Stef, of course, smiled and said, "You all have been throwing numbers at me for seventeen years and I am still here." So once again, HOPE reigns.
So we live with this new wrinkle. And each day becomes even more precious.
There is one medication that could possibly help her but the side effects are extremely dangerous. Weighing the options is where she is right now with a decision about the medication.
I guess for anyone reading this the temptation is to say, "O, how sad. That poor family...how much can they bear."
But No, not at all. Stuff happens to every family, Unwanted, dreaded STUFF.
And like us, most families soldier on.
Life after all is about making choices. We can choose to make the proverbial lemonade when unwanted lemons appear. Or we can give up....we can say 'it is hopeless, what is the use?'
As for us, we have chosen to remain armored with HOPE and the belief that each new day is indeed a most precious gift and one to be treasured and lived to the fullest.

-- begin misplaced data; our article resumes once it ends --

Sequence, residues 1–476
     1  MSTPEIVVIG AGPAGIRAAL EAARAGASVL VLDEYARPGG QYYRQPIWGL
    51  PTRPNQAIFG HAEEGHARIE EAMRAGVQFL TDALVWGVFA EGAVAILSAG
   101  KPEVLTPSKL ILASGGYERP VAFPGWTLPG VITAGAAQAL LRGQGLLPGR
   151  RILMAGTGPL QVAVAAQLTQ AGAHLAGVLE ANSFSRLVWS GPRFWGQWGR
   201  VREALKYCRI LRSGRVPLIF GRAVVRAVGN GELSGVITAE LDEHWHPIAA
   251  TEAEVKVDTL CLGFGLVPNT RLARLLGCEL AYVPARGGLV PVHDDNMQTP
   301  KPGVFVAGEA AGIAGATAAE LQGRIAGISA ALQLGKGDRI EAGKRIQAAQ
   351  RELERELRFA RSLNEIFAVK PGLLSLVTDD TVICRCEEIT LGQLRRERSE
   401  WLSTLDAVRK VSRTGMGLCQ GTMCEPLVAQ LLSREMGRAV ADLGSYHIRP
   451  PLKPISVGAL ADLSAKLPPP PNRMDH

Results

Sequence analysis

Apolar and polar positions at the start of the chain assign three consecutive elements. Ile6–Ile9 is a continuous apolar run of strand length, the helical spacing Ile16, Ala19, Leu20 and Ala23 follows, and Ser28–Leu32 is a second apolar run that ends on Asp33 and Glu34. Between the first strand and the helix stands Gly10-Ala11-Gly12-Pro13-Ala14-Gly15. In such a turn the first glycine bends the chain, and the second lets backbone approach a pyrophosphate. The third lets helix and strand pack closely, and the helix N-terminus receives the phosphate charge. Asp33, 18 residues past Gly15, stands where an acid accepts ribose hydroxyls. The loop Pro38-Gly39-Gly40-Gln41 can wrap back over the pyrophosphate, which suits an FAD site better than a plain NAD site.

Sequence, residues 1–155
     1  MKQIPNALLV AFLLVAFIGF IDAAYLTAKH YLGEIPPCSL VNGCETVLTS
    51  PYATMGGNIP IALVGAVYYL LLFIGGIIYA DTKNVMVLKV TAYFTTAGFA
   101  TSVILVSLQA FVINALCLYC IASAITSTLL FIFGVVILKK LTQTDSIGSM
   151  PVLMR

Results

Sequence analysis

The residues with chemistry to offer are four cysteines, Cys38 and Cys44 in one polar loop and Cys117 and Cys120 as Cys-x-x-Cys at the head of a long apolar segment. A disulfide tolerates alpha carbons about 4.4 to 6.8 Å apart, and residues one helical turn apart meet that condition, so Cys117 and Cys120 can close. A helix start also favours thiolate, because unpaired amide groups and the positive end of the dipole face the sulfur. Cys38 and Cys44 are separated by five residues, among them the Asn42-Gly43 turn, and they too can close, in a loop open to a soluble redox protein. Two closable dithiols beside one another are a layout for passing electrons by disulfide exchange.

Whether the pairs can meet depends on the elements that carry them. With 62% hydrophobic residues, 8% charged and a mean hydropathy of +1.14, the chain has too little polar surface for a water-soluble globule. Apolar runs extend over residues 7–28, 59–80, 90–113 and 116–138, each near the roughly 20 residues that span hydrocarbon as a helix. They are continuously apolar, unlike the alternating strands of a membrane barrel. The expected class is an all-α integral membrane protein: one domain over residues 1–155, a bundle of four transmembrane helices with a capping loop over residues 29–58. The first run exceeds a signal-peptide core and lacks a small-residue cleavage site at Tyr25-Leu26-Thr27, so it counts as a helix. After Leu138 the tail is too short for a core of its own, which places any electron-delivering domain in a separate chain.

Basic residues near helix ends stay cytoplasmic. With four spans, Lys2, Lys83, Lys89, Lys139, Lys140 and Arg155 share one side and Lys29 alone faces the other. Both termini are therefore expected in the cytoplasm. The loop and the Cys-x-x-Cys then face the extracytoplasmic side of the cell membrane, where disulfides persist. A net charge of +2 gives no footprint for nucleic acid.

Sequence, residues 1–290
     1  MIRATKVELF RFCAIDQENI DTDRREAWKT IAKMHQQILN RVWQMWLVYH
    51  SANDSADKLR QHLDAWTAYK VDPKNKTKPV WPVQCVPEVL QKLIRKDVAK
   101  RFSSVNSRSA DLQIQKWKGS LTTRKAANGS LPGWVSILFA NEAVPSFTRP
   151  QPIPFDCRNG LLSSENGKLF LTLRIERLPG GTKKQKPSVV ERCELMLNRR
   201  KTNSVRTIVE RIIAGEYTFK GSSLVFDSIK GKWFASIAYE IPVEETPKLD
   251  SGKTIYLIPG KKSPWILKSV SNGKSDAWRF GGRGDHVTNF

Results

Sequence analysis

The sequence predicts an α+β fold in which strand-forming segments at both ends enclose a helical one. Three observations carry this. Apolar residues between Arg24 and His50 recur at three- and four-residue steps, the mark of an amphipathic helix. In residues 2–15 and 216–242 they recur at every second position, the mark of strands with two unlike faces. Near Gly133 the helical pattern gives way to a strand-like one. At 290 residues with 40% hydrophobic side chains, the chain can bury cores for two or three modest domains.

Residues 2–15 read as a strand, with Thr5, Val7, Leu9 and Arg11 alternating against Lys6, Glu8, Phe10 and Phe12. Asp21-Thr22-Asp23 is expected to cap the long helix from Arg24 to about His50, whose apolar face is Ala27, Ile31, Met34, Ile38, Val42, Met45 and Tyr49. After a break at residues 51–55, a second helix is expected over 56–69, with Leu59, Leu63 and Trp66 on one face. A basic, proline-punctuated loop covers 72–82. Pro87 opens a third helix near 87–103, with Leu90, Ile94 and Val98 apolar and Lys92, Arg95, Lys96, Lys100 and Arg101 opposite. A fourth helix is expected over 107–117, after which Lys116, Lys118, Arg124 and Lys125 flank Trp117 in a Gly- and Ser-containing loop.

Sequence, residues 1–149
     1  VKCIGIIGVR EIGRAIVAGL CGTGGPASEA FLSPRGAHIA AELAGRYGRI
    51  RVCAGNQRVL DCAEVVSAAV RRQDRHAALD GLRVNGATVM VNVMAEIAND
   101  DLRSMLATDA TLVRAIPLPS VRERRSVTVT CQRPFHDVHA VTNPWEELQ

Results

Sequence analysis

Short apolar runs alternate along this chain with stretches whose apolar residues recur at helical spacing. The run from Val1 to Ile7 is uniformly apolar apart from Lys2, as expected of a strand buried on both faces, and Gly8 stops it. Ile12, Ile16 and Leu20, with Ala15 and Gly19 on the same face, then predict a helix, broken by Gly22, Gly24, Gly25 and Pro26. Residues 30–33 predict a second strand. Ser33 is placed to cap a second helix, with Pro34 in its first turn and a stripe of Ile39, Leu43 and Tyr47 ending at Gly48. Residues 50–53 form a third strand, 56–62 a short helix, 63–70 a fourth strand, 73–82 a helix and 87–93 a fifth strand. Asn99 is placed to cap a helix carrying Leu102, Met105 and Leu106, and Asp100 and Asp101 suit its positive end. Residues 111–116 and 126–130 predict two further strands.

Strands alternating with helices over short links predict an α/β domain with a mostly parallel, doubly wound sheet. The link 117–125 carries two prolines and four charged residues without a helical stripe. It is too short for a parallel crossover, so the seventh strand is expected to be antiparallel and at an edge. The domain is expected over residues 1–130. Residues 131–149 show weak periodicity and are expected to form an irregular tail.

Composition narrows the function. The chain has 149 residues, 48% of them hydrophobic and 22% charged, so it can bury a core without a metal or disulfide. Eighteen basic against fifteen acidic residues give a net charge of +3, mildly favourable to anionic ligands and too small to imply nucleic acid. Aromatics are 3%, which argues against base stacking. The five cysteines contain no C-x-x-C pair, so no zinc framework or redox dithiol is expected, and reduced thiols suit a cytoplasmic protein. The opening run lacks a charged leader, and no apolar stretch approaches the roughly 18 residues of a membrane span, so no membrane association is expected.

If you face catastrophic illness, know that trying to live 'down the road', embracing the 'what if's', wasting time asking 'why' is fruitless.
Find your courage and go forth. That is what we do. Easy? No, not at all.
But it has caused us to live our lives as we believe we always should have...in the present.
Reveling in the moments of the now rather than looking back or trying to see tomorrow.
Today is our reality and we are so thankful for it!!!!
HOPE does indeed REIGN.
If you need someone to share with about the challenges facing you, feel free to email me. I have NO answers, but sometimes just unloading is a great help.